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Is 2020 the year to invest in Vietnam?

By Marianne Curphey

Vietnam could be an attractive prospect this year, but much depends on the outcome of US-China trade talks

Vietnam has come a long way in a short time. According to the World Bank, Vietnam’s shift to a market economy has transformed it from one of the poorest in the world into a lower middle-income country. Vietnam now is one of the most dynamic emerging countries in the East Asia region. So is now the right time to consider an investment in Vietnam?

“Vietnam has made huge strides in its development and its transformation had not gone unnoticed,” says Ngo The Trieu, chief executive officer and chief investment officer at Eastspring Vietnam. “In 2017, Vietnam was Asia’s top performing stock market. In 2018, it was one of the only two stock markets (besides China) in Asia to enjoy net foreign portfolio inflows.”

Reforms making a difference

Over the medium term, the World Bank believes Vietnam’s economic outlook is positive. After peaking at 7.1 per cent in 2018, real GDP growth is projected to remain at around 6.5 per cent in 2020 and 2021. Annual headline inflation has been stable for the seven consecutive years – at 4 per cent and below in recent years.

“Economic and political reforms under Đổi Mới, launched in 1986, have spurred rapid economic growth,” its report says. Between 2002 and 2018, more than 45 million people were lifted out of poverty.”

As a result, Vietnam is experiencing rapid demographic and social change.

“Its population reached 97 million in 2018 (up from about 60 million in 1986) and is expected to expand to 120 million before moderating around 2050,” the World Bank says. Today, 70 per cent of the population is under 35 years of age, with a life expectancy of 76 years, the highest among countries in the region at similar income levels. An emerging middle class, currently accounting for 13 per cent of the population, is expected to reach 26 per cent by 2026. Vietnam ranks 48 out of 157 countries on the human capital index (HCI), second in ASEAN behind Singapore.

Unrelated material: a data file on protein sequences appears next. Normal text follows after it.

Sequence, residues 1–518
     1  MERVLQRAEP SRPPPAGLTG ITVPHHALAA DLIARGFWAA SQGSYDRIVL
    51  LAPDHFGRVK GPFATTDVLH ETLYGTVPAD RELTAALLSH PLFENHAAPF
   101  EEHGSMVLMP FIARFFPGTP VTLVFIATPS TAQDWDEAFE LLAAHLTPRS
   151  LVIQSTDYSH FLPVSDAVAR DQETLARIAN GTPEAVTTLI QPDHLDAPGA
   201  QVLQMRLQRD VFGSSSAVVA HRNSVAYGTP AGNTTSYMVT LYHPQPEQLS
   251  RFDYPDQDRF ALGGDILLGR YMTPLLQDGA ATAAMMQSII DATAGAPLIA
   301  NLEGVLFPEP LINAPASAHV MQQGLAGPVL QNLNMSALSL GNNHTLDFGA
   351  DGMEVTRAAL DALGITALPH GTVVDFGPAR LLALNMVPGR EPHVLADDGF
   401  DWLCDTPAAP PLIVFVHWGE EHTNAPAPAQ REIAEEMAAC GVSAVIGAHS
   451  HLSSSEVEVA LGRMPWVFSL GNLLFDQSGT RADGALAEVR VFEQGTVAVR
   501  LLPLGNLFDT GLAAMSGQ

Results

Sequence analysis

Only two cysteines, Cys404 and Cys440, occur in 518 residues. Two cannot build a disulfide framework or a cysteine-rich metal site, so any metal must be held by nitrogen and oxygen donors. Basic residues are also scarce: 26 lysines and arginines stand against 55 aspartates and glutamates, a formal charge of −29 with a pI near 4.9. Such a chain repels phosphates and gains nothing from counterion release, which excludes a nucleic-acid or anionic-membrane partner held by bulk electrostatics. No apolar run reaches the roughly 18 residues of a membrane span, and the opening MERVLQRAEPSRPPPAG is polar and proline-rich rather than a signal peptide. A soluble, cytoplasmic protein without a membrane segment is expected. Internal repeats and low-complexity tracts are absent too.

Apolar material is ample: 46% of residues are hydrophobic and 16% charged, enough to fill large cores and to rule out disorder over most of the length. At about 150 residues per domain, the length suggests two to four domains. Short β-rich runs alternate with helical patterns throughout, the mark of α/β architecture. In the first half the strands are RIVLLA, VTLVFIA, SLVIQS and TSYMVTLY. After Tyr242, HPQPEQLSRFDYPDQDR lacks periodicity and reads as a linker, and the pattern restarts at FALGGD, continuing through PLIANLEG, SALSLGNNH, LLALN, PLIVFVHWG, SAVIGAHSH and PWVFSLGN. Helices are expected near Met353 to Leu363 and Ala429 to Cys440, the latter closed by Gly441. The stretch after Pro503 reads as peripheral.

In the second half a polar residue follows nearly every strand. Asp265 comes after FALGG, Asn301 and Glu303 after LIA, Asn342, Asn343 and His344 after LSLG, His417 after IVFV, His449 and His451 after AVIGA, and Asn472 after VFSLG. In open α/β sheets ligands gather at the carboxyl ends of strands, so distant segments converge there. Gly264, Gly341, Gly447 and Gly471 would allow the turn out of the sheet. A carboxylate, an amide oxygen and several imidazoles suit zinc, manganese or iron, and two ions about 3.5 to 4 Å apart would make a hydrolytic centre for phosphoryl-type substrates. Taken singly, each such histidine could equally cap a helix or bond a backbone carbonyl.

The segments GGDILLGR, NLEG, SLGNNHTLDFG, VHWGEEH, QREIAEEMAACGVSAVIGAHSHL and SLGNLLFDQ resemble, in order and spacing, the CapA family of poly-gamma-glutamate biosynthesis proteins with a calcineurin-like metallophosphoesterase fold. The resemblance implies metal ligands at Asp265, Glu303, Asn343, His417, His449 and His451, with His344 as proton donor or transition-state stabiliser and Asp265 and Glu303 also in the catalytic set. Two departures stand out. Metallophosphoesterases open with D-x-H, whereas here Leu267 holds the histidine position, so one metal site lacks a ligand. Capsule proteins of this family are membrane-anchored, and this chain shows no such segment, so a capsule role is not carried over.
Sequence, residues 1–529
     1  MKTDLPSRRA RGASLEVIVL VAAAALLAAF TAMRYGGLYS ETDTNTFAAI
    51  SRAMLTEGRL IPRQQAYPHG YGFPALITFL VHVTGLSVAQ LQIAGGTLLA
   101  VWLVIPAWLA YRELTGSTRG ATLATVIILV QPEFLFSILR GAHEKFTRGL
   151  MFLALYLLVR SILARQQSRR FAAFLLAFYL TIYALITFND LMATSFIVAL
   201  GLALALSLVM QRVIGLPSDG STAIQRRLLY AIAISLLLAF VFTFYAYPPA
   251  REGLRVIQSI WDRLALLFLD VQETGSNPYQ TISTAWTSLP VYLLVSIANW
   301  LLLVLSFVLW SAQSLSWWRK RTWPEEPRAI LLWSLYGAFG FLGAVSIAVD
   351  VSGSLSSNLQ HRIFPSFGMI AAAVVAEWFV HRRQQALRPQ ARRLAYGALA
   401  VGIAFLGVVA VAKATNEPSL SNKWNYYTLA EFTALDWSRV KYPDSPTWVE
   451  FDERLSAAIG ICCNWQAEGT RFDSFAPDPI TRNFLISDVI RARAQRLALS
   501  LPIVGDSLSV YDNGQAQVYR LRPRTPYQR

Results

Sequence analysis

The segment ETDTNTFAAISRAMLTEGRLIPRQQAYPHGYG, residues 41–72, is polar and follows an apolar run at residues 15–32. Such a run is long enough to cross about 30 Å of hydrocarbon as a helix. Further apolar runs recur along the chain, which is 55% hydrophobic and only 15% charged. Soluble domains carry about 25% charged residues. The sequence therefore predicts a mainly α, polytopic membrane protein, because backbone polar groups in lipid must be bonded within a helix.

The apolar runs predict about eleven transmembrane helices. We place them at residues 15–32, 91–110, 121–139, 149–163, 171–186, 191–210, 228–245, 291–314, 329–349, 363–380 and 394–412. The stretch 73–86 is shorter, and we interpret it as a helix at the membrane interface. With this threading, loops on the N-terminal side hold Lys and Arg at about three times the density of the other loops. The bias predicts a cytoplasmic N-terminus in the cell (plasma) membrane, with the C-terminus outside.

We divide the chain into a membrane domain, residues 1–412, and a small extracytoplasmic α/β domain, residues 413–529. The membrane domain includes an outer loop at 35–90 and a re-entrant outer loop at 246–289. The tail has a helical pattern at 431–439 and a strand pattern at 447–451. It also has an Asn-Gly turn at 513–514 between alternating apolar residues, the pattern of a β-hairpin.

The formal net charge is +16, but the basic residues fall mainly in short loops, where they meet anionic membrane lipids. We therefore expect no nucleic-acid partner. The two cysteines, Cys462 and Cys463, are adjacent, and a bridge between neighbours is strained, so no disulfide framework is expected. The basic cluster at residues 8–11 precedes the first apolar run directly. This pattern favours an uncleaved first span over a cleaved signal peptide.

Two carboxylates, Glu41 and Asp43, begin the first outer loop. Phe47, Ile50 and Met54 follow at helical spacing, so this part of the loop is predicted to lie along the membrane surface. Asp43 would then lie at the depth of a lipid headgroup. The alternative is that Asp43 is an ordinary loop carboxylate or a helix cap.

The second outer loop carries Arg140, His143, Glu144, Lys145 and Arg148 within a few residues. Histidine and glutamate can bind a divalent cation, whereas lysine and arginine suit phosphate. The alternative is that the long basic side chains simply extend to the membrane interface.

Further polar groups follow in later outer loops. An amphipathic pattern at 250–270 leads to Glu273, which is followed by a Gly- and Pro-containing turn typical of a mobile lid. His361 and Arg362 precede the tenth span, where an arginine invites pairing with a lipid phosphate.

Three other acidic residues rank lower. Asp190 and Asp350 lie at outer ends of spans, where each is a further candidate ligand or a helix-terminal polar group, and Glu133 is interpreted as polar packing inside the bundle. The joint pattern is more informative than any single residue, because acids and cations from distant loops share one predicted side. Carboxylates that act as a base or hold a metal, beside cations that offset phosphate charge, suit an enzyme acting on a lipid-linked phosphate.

Attracting foreign investment

By embracing trade liberalisation alongside policies which fostered sweeping domestic reforms, Vietnam has been able to dramatically reduce the cost of doing business and encourage massive amounts of foreign investment, says Michael Born, senior investment analyst at EQ Investors.

"Considering the population remains young (50 per cent were under 35) and the wage level remains low, it is not surprising to see business booming in Vietnam, where 1.5 million new manufacturing jobs were added from 2014-2016 and an estimated one in 10 smartphones are produced in the country," he says.

As in many other Asian countries, the surge in manufacturing has resulted in significant growth of the middle class, the population of which is forecast to double to 33 million from 2014-2020 (source: Boston Consulting Group). Poverty rates declined from 70 per cent to less than 6 per cent from 2002-2018, whilst the number of Vietnamese millionaires tripled.

"However, unlike other countries in SE Asia, such as Thailand or Indonesia, the penetration of key products and services such as dairy goods, life insurance and credit cards is much lower," he says. "As such modern conveniences are universally desirable, with such items near the top of aspirational shopping lists, we should see this significant propensity to consumer to continue, further driving growth."

Does Vietnam have particular challenges or advantages?

As of 2018, Vietnam (together with Singapore) held the most bilateral and multilateral free trade agreements in Asia, and the average tariff on manufactured items fell from 16 per cent in 2000 to around 2 per cent in 2017.

"Whilst global trade has largely stagnated, Vietnam’s trade has increased from 70 per cent in 2007 to 190 per cent in 2017 as a result of the competitive environment (source: Brookings), resulting in a vibrant and dynamic economy," Michael Born says.

Since the start of its trade conflict with the US, Chinese production has continued to move “offshore” into SE Asia, and Vietnam is well-positioned geographically to take advantage. Although this trend was well underway prior to the start of the Trump administration, as the cost of production in China had risen on the back of inflating property prices and wages, there has been a dramatic increase as tensions increasingly look set to remain. Exports of electronic goods to the US rose 76 per cent over the 12 million to November 2019, which has been a major driver of growth in the country.

That being said, issues like corruption still pervade more rural parts of the country, and the rapid growth and industrialisation have come at a cost to the environment, he says.

"Although energy and water consumption have tripled over the past decade, production has not kept pace, resulting in unsustainable practices which cause long-term damage to natural resources like timber and fisheries. Meanwhile, strong urbanisation and population growth have resulted in significant waste management and pollution challenges.